Bands Perform in Thanksgiving Half-Day Assembly
December 3, 2019
With Thanksgiving on their minds, SHS students filled the auditorium last Wednesday to be sent off into the upcoming break with performances by the school bands under the direction of SHS Band Director Jason Noble. Three ensembles played two performances for the first and second section of third period classes.
The Symphonic Band opened with Matters of Kindness by Kenley Kristofferson. The piece was commissioned to commemorate a beloved Canadian band student who had passed away. As the largest band of the school and comprising of over 80 student musicians, the Symphonic Band powerfully delivered the somber harmonies and an especially rousing ending. Next, they played Prevail by Robert Sheldon. The uplifting piece was at some points melodic, but at other times, a triumphant fanfare. Speckled with soli from instrument sections, the band made particularly smooth transitions in dynamics and tempo.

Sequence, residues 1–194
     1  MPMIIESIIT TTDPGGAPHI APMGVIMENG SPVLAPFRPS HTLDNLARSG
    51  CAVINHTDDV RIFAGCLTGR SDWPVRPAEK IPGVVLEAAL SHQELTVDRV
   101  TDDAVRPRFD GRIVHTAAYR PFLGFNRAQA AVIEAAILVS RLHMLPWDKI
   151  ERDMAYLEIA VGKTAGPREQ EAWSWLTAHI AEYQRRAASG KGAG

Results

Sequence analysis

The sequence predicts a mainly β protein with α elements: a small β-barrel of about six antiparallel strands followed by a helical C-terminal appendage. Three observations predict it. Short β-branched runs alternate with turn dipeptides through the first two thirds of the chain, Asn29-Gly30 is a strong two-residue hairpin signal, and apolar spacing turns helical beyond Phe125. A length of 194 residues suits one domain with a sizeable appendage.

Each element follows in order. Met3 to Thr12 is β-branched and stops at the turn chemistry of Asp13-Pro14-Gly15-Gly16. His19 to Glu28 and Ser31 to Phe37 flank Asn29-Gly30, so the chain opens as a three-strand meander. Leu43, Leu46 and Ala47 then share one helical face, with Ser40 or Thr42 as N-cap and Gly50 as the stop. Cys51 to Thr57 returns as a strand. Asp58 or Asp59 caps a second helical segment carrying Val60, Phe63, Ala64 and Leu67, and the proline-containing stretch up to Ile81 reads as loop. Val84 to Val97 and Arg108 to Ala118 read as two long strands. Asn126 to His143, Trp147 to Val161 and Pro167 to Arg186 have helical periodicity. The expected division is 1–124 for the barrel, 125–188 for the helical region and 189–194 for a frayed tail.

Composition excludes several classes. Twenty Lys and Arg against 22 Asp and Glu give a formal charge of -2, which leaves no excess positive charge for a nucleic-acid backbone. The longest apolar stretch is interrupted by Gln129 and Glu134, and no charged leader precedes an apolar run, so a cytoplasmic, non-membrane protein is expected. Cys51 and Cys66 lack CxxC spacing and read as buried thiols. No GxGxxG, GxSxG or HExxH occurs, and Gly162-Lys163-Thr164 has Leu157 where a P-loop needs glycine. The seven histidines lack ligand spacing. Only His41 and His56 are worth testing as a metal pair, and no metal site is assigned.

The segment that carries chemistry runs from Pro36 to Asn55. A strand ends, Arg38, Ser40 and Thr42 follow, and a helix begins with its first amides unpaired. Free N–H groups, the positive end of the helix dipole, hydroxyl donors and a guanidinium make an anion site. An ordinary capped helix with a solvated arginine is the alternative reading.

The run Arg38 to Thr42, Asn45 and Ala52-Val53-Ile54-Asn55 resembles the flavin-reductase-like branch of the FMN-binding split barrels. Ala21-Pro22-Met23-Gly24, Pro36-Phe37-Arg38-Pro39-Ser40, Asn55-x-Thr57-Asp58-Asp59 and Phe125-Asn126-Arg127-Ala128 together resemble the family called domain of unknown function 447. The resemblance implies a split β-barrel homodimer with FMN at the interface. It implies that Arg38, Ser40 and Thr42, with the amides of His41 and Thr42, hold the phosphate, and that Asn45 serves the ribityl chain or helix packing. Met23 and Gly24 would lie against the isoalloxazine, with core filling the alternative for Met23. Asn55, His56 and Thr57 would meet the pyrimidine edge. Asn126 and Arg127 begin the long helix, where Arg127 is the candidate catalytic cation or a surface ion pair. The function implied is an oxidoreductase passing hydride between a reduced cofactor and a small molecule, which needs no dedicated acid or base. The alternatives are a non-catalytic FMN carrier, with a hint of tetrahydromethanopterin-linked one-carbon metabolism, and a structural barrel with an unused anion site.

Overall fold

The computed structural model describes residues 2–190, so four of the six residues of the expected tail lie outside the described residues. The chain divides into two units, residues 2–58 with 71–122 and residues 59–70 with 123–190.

The Wind Ensemble followed with Early Light by Carolyn Bremer. The premier SHS band group holds auditions for its musicians and has performed seven times at Carnegie Hall in the last 12 years. Airy and fast-moving, Early Light had moments inspired by The Star Spangled Banner and the composer’s love of baseball. The musicians highlighted these moments with a dynamically well-balanced performance and an appropriate joyous tone.
The Wind Ensemble then performed Russian Christmas Music by Alfred Reed. The mystical piece is a classic in concert band repertoire and was premiered in 1969 as part of a concert that hoped to improve American-Soviet relations. The mystical piece was powerfully performed by the Wind Ensemble, whose soloists and unified sections powerfully delivered melodies of a children’s carol, a rhythmic chant, an angelic song, and a majestic, climactic finale.
The concert closed with a Jazz Combo consisting of five students who performed Softly as a Morning Sunrise by Sigmund Romi. The musicians passed around the melody and jazz spotlight, played first by a tenor saxophonist and followed by a trumpeter, alto saxophonist, pianist, and percussionist. The live jazz performance, with its emphasis on solos and improvisation, was perhaps a first to many of the audience members.
The band performances were diversely mixed with both soft musical moments and riveting grandeur. The Tuesday after the break, the ensemble will play in their Winter Concert.